1·0

1·0

1·080

0·979

1·0

1·0

1·002

0·991

1·0

1·0

1·000

1·023

1·0

1·0

1·002

1·008

1·0

1·0

1·001

1·000

1·0

1·0

0·999

1·016

1·0

1·0

0·811

0·808

0·8

0·8

0·998

0·999

1·0

1·0

0·999

0·999

1·0

1·0

0·989

0·998

1·0

1·0

0·999

1·000

1·0

1·0

1·003

1·003

1·0

1·0

additional steel mass blocks at each storey was added to simulate the lumped mass on the floor of

building. The damage to the building was modelled by increasing the size of the opening to reduce

the stiffness of the experimental model by 20% for the second storey only in order to model the case

of entirely known damage. Table 4 shows the modal experimental data of the experimental model

before and after the damage, and the damage detection result using this data is depicted in Table 5.

Copyright © 2004 John Wiley & Sons, Ltd.

Struct. Design Tall Spec. Build. 13, 1–8 (2004)

DAMAGE ASSESSMENT USING DYNAMIC EXPERIMENTAL DATA

7

Figure 2. Experimental model

Table 4. Modal data of experimental model

Classification

Case 5

Frequency (rad/s)

First mode shape

1·0

628·42

0·79

0·93

0·60

0·25

Table 5. Damage index of experimental example

Storey number

Classification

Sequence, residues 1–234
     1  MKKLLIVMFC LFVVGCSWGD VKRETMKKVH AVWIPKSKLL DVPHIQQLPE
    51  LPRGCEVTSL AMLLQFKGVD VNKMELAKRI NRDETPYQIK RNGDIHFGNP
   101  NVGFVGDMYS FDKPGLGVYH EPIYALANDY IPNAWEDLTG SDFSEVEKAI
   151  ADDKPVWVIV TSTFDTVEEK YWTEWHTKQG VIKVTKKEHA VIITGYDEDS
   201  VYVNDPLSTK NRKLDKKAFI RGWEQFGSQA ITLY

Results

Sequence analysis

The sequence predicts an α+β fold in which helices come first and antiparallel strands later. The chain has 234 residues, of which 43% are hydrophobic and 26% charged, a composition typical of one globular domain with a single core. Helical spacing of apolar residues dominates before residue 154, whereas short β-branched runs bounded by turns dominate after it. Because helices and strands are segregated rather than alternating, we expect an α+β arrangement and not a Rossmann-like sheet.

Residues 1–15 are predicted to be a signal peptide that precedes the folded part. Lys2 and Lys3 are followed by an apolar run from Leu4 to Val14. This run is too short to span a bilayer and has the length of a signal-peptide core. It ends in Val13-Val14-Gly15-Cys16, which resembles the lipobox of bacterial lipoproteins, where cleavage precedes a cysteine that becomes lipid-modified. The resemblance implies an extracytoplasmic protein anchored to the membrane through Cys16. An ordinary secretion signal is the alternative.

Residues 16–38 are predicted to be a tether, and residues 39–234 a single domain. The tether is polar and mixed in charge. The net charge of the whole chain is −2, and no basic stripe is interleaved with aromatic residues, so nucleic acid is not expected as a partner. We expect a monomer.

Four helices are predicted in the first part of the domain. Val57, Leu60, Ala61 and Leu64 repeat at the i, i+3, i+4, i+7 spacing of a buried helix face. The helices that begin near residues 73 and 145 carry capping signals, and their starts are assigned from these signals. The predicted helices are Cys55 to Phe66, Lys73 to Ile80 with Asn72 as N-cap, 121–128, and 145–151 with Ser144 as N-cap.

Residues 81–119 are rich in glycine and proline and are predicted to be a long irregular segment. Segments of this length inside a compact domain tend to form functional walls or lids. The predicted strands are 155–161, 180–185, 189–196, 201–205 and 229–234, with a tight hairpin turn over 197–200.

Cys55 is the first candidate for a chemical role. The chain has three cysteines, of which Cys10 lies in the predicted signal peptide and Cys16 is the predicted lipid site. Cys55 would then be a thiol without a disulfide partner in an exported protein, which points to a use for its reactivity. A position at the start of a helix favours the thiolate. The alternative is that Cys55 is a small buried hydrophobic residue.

Actual value

Predicted value

Error (%)

1

2

3

4

5

1·0

0·99832

-70·17

0·8

0·8225

+2·8

1·0

1·0132

+1·3

1·0

0·9798

-2·02

1·0

1·0602

+6·0

As previously mentioned in the procedure in Section 2, the condensed model is constructed and

each storey stiffness for the undamaged and damaged model building identified by experimental modal

data. A pre-damage test was therefore conducted on the undamaged model to identify the undamaged

storey stiffness and, subsequently, the damage test is conducted on the damaged model. A conventional modal testing technique was applied to determine the experimental modal data. In traditional

modal analysis, the modal data are found by fitting a model to the frequency response function relating excitation forces and vibration response.

Copyright © 2004 John Wiley & Sons, Ltd.

Struct. Design Tall Spec. Build. 13, 1–8 (2004)

8

H.-S. KIM AND Y.-S. CHUN

The damage index, ai, is then computed. Table 5 demonstrates that the proposed damage detection

method enables damage detection for each storey using only the first natural frequency and mode